In a 2013 article, writer Tara Burton at The Atlantic makes the intriguing argument that theology should be a necessary part of a liberal arts curriculum. Citing her experience studying theology at Oxford University, she notes how exciting it was because of its overlap with many other humanities disciplines. “If history and comparative religion,” she writes, “alike offer us perspective on world events from the ‘outside,’ the study of theology offers us a chance to study those same events ‘from within’: an opportunity to get inside the heads of those whose beliefs and choices shaped so much of our history, and who … still shape plenty of the world today.”

 

Burton’s intuition of the limitations of mere “comparative religion” is correct, but Newman would see her solution as not much different. Burton has merely shifted the focus to “comparative theology,” a survey of varying perspectives “from within,” looking closely at the actual beliefs of historical figures and their impact on history (which, indeed, just describes what a good historian should do anyway!) This is still a far cry from where Newman, and classic Christian thinkers (not to mention the heritage of Oxford theologians) would like to see theology. Theology’s true natural habitat is in philosophy, and Newman goes so far as to say that philosophy, and other disciplines, are worse off without it. This is natural theology, the highest field in philosophy, which seeks to investigate God’s existence and attributes scientifically. Newman would insist on true theology as a philosophical science of the highest order, wherein one seeks to discover the truth in his or her field. For theology, this means seeking the truth about God.

 

The ancient Greek philosopher Aristotle called philosophy the science that considers truth, which includes the material world but also looks behind it at its principles and causes. And this, indeed, describes the behavior not only of the good philosopher or theologian, but also of the good scientist, whose experiments are conducted under the conviction that some kind of objective truth is indeed discoverable in the visible world. Newman would say this is equally true of the invisible world. Newman uses a much richer sense of the word “science,” which literally means “knowledge,” or refers to the act of knowing. Thus, inquiry into the visible and invisible worlds can both accurately be described as science, seeking to understand the fulness of things outside of us. 

 

But what actually constitutes science, in both cases, is drastically misunderstood today. These misunderstandings began in Newman’s time, and grew into what some have called ‘scientism,’ which mistakenly believes that a narrowly mathematical or physical science is capable of proving or disproving metaphysical truths, like the existence of God, the moral law, the origin of the universe, or the origin of species. Science (in this sense) can provide elements that lend toward plausibility in these areas, but not in the same way that the scientific method can prove a hypothesis through repeated and observable phenomena. 

 

True science is not limited to only visible phenomena. Aristotle studied the being of things, the nature of their existence, in a scientific manner. And this can be done with God himself. The idea of God—that, as Newman says, “ … behind the veil of the visible universe, there is an invisible intelligent Being, acting on and through it, as and when he will … ”—is an objective reality that can be analyzed scientifically. It involves a scientific discipline aimed at the fundamental reality of “Divine agency,” or the objective activity of God in eternity and human history.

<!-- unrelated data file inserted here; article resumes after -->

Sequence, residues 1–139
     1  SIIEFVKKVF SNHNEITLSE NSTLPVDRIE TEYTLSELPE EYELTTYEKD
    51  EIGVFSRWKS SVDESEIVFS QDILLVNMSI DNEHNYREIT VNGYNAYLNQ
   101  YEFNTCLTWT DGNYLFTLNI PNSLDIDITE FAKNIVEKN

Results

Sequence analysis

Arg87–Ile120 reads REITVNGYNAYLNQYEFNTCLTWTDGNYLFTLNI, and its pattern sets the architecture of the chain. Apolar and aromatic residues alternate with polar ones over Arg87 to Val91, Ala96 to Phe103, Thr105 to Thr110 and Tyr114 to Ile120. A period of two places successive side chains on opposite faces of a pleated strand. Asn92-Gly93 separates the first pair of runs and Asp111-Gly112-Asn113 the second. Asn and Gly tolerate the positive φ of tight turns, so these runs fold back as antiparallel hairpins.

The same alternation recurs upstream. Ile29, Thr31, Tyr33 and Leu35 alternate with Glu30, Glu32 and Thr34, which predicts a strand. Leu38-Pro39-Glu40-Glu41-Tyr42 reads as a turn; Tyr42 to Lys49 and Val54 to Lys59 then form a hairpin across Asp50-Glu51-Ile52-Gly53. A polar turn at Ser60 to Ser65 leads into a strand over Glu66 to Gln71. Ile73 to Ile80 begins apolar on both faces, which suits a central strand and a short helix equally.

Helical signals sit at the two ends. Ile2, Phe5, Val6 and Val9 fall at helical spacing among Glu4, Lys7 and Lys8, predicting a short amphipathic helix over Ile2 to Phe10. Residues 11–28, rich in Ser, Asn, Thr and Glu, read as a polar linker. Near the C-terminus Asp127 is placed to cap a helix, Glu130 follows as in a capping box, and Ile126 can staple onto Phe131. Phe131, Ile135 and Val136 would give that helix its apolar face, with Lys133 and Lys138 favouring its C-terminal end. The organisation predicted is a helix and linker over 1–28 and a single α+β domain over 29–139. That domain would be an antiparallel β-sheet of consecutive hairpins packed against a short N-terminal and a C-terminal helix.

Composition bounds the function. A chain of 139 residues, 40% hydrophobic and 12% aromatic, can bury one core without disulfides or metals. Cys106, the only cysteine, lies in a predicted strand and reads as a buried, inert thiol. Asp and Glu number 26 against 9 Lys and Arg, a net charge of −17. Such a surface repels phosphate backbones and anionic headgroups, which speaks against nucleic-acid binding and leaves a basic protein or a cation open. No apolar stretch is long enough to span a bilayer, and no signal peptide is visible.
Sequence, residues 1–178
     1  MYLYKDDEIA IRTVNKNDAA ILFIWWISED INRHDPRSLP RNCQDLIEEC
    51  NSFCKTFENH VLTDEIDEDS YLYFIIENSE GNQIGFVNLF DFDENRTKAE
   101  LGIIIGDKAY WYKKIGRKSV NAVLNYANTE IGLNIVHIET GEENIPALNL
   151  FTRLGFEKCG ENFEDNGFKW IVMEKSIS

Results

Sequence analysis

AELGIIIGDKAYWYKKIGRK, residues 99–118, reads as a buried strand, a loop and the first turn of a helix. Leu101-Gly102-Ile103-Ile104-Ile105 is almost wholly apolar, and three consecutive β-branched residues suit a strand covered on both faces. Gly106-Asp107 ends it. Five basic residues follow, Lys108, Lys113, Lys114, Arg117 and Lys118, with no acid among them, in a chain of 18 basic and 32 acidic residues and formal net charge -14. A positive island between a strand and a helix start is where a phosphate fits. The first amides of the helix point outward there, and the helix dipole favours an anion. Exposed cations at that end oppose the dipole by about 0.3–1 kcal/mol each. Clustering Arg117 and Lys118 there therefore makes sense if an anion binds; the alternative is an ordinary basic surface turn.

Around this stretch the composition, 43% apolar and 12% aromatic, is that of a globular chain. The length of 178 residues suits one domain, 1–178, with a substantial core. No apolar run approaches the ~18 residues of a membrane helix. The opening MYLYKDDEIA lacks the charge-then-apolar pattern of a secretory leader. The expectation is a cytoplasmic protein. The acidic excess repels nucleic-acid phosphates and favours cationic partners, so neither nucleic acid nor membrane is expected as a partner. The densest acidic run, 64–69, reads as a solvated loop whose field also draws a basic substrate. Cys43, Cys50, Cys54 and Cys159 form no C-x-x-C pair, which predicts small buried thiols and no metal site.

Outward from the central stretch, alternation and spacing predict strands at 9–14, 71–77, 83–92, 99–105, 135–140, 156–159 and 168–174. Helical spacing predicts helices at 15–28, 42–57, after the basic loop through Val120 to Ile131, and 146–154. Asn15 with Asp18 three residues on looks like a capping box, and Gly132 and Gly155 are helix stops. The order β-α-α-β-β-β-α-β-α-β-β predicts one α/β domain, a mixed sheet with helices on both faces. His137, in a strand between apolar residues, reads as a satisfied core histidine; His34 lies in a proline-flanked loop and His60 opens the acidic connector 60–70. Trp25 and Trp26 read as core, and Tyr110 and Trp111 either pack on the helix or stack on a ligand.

Knowledge of God’s agency is both plausible and reasonable. To ignore “Divine agency,” Newman says, “is a virtual denial of God.” To deny that God is a real agent behind every part of existence is the same thing as denying the existence of God himself. So, on the other hand, if God really does exist, then knowledge of his active existence is objectively knowable. Further, such knowledge of a God whose activity is behind all aspects of existence is vitally and essentially connected to learning about everything else: mathematics, physics, history, anthropology, art, etc. Newman says that without God, our knowledge of nature and man will be “more or less unreal.” To fail to teach robust and objective theology to human beings at a university is to fail to prepare them for the real world! 

 

Newman says, “Truth is the object of knowledge,” and “granting [that] Theology is a real science, we cannot exclude it, and still call ourselves philosophers.” In a beautifully moving passage, Newman notes how this involves a deep connection between Reason and Revelation wherein we realize that all things are from our “Eternal King,” who blesses our studies and arts, laws and societies, and offers his “co-operation.” God has made us to know him, has made us to know the world, and has made the world able to be known by us. We live in a world of what philosophers call intelligibility—of communion and communication—where, at our deepest level, we can know and be known. According to Newman, without operating with this awareness of how things are in reality, we cannot be true knowers, true philosophers, true scientists, or our true selves.

Like this article?

Share on facebook
Share on twitter
Share on linkedin
Share on pinterest

Leave a comment